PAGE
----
Navy P-8 With Secretive Radar Pod Surveils Massive Chinese Naval Base In South China Sea

The flight comes amid escalating friction between China, the U.S. and various countries in the South China Sea, as well as Taiwan.

@cvvhrn

A U.S. Navy P-8A Poseidon maritime patrol aircraft flew a route close to China's Hainan Island in the South China Sea, which is home to a massive People's Liberation Army Navy base, earlier today. This particular aircraft is one of a small subset of the service's Poseidon fleet that is configured to carry a shadowy radar system known as the AN/APS-154 Advanced Airborne Sensor.

On May 15, 2020, online plane spotter and Twitter user Golf9 spotted the P-8A, which carries the Navy Bureau Number 169010, flying a route through the South China Sea that took it around Hainan and into the Gulf of Tonkin. The Poseidon then turned around and exited the area along a similar path. The plane came within approximately 30 miles of the southern coast of the island, including passes by the sprawling Yulin Naval Base.

Golf9 also pointed out that 169010 is one of at least seven P-8As that have been observed carrying the AN/APS-154 in the past. The Advanced Airborne Sensor (AAS) is a large podded system that requires the installation of a special mount on the underside of the fuselage.

Raytheon developed the AN/APS-154 almost under a large degree of secrecy and its exact capabilities remain highly classified. The radar inside the pod is known to be an active electronically scanned array (AESA) type that can capture highly detailed imagery, even at night or in bad weather, while operating in a synthetic aperture mode and has a moving target indicator (MTI) functionality.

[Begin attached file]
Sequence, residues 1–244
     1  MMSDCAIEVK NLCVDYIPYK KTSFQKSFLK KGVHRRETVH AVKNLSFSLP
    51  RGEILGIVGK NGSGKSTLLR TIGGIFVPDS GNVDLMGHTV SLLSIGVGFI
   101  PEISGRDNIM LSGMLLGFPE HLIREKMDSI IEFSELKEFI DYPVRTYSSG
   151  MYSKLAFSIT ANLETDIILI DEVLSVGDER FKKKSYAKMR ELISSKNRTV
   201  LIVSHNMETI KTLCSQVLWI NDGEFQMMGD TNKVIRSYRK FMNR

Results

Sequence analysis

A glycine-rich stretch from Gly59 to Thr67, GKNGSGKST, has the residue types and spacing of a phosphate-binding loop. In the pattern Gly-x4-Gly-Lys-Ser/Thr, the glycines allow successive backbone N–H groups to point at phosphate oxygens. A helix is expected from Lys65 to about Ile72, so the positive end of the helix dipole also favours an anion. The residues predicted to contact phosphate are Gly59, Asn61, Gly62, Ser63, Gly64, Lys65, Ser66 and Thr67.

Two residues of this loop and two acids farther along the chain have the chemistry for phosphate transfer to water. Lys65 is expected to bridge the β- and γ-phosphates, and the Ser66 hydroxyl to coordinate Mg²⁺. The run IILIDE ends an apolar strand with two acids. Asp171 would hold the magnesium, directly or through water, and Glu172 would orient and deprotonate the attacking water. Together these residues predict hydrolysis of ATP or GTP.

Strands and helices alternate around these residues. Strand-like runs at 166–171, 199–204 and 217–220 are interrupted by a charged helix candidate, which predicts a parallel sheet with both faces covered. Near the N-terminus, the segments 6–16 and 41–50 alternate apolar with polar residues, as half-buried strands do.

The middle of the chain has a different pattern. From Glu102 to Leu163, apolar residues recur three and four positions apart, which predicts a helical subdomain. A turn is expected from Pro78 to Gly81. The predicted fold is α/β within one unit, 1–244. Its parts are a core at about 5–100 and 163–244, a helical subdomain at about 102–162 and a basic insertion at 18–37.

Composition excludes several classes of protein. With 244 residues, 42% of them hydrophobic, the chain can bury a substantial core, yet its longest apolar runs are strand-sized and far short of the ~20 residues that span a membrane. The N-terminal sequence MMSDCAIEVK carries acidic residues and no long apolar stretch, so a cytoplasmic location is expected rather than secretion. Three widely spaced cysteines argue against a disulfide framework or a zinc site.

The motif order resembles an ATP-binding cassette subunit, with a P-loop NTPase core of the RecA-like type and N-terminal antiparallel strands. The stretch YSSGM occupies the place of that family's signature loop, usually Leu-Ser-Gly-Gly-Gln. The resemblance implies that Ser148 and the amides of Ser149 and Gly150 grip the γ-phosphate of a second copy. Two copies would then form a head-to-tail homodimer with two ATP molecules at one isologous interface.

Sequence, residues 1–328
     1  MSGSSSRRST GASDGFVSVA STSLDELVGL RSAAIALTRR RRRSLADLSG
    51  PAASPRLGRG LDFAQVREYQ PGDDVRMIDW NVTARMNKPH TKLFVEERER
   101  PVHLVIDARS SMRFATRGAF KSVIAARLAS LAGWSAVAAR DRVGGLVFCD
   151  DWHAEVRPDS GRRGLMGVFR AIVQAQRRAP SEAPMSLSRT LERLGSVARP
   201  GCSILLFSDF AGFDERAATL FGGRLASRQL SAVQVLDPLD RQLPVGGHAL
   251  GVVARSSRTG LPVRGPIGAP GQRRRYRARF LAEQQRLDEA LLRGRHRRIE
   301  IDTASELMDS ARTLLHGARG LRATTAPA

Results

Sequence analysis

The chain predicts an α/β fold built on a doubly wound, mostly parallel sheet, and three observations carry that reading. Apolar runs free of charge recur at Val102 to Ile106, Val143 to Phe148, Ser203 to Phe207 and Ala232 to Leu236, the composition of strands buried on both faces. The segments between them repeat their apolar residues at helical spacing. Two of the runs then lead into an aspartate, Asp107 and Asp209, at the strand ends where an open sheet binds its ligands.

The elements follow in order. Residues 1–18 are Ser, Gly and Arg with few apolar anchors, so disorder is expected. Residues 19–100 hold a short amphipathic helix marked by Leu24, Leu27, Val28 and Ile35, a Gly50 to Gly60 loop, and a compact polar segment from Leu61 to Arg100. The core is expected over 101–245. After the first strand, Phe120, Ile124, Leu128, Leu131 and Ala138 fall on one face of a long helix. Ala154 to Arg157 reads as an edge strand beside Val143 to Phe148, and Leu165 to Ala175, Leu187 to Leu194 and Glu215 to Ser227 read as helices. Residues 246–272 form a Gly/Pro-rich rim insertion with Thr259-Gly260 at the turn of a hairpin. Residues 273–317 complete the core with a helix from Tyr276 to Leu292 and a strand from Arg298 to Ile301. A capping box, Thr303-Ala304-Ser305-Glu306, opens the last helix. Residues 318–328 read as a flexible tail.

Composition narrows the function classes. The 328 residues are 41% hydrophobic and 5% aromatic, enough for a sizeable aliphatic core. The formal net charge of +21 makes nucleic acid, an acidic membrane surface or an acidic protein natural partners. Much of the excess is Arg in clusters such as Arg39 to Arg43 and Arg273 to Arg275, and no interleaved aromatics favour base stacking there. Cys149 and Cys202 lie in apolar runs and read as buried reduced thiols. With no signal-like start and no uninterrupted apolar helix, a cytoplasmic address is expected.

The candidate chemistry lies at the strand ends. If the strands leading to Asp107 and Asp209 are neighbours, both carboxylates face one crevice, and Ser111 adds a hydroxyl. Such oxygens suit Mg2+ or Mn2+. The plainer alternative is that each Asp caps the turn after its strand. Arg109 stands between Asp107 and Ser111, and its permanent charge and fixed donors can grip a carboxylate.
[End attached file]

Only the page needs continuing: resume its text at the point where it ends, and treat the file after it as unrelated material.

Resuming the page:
The AAS is also specifically designed to work in complex littoral regions and scan sea and land areas at the same time with extreme fidelity. Traditional surface search radars are generally configured to spot and track objects of interest in one of these environments or the other, or have dedicated modes for both, and have trouble functioning in both simultaneously. The Navy acquired the AN/APS-154 as a direct follow-on to the AN/APS-149 Littoral Surveillance Radar System (LSRS), an earlier and equally secretive Raytheon-developed podded radar that some of the service's P-3C Orions carry. You can read more about the AN/APS-149 and the AN/APS-154 here.

 @cvvhrn

Another AAS-equipped P-8A, this one with Bureau Number 169007, with a red arrow pointing to the radar pod.

Hainan is exactly the kind of target area that the AN/APS-154 was designed to scan. The P-8As also have signals intelligence capabilities, which allow them to detect, geolocate, and classify emissions, including from radars and other air defense nodes, which can help in building a so-called "electronic order of battle" of a potential opponent's defensive networks.

The island has long been an intelligence target for the U.S. military and the U.S. Intelligence Community. Notably, in April 2001, a Navy EP-3E Aries II spy plane made an emergency landing at Lingshui Airfield on the Island after suffering serious damage after a mid-air collision with a People's Liberation Army Navy (PLAN) J-8II fighter jet. The Chinese jet was destroyed, killing the pilot, Lieutenant Commander Wang Wei, in what became a major international incident.

Google Earth

A satellie image of Yulin Naval Base on March 3, 2020.

The AAS-equipped P-8A on this latest flight past the island would certainly have been able to peer into Yulin with its underslung radar while flying a slanted flight path, as well as other potential areas of interest along the coast. One particular objective might have to gather information about the state of the People's Liberation Army Navy's growing Type 094 Jin class ballistic missile submarine fleet

CRS via USN

A Type 094 ballistic missile submarine.